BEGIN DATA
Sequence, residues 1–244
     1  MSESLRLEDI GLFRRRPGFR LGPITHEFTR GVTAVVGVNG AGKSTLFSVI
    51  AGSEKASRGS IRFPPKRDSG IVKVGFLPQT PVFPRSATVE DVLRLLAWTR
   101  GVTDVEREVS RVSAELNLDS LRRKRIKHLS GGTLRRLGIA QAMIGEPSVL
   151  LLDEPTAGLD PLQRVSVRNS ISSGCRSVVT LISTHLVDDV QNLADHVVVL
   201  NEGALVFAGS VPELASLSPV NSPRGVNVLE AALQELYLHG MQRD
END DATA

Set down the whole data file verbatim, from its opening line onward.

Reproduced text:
Sequence, residues 1–244
     1  MSESLRLEDI GLFRRRPGFR LGPITHEFTR GVTAVVGVNG AGKSTLFSVI
    51  AGSEKASRGS IRFPPKRDSG IVKVGFLPQT PVFPRSATVE DVLRLLAWTR
   101  GVTDVEREVS RVSAELNLDS LRRKRIKHLS GGTLRRLGIA QAMIGEPSVL
   151  LLDEPTAGLD PLQRVSVRNS ISSGCRSVVT LISTHLVDDV QNLADHVVVL
   201  NEGALVFAGS VPELASLSPV NSPRGVNVLE AALQELYLHG MQRD